Ole Miss Rebels
Projected record: 8-4 (UA, LSU, AU, TAM); 4-4 and 4th SEC West
Returning offensive starters: 9 (SE, FL, WR, LT, LG, C, RT, TE, QB)
Returning defensive starters: 4 (RDT, LDT, LCB, SS)
Returning specialists: 0
QB: Vg DL: Fr
RB: Fr LB: Pr
WR: Ex DB: Av
OL: Vg ST: Pr
Overview: Offensively, this preview reads almost exactly like the one of last year’s team. Defensively … well, let’s just say it’s a good thing the Rebels will have a good offense. The Hugh Freeze era is slowly transitioning out in Oxford and once gone, the Rebels look like they’ll be headed for the bottom of the division again. But there is enough talent to win here in 2018, or at very least, make a lot of better teams uncomfortable.
Offensive breakdown: It’s debatable who was the better quarterback for Ole Miss in 2017, the pre-injury Shea Patterson or the post-Patterson-injury Jordan Ta’amu. Patterson has left for Michigan now, leaving behind a quarterback who came out of nowhere to throw for nearly 1,700 yards and three times as many touchdowns as interceptions down the 2017 stretch. Ta’amu showed a veteran’s poise, and he displayed both good vision downfield and the ability to make defenses have to respect his running ability. Ta’amu’s primary backup is light on experience, but long on talent. Freshman Matt Corral looks to be more than advertised, a potential playmaker for years to come. But the good news ends there. Jacob Cendoya, another true freshman, decided late after the recruiting process was over to attend Ole Miss rather than walk on at Tennessee. Two other walk-ons are all the Rebels have to choose from. Ta’amu tends to draw contact as part of his game, so there will be a lot of breath-holding on the part of Rebel coaches this fall.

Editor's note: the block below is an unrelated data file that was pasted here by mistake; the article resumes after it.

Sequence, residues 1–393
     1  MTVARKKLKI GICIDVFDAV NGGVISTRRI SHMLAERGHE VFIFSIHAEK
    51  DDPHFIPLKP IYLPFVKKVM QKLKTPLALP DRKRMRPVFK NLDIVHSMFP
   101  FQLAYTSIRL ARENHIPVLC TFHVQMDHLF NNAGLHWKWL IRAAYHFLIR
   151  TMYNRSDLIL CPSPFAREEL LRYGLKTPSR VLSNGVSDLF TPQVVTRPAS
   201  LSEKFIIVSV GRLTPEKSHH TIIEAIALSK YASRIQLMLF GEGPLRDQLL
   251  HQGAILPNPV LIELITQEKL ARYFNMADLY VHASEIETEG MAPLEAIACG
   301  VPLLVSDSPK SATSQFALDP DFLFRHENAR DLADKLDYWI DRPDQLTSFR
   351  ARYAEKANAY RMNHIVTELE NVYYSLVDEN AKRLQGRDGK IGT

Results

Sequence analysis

As for the supporting cast, A.J. Brown, DeMarkus Lodge and D.K. Metcalf all return to the receiver corps, which more than makes up for Van Jefferson transferring to Florida. Brown may be the best receiver in the SEC heading into 2018, a sort of second coming of LSU’s Josh Reed in terms of build. He’s not the tallest receiver out there, but at nearly 230 pounds, he has a physical presence most receivers lack. The drop-off between first and second units, though, is clear. Sophomore Braylon Sanders is probably the best of that group, while little-used seniors Floyd Allen and Alex Weber and a freshman, DeMarcus Gregory, are really the only other choices. Dawson Knox returns at tight end, and given he’s a former walk-on, his 2017 production was nothing short of phenomenal.
It’s a different ballgame at running back, though, where presumptive starter D’Vaughn Pennamon is out with a knee injury. That will leave Scottie Phillips, a JUCO transfer with a decent resume, and oft-injured Eric Swinney as the top choices. Converted safety Armani Linton and special team regular D.K. Buford are the candidates to round out the top group. Swinney could be helpful, if his many injuries have left anything in the tank. Pennamon injured his knee in a regular-season game in 2017 and for his recovery to be taking this long suggests he won’t be the same guy when he finally returns.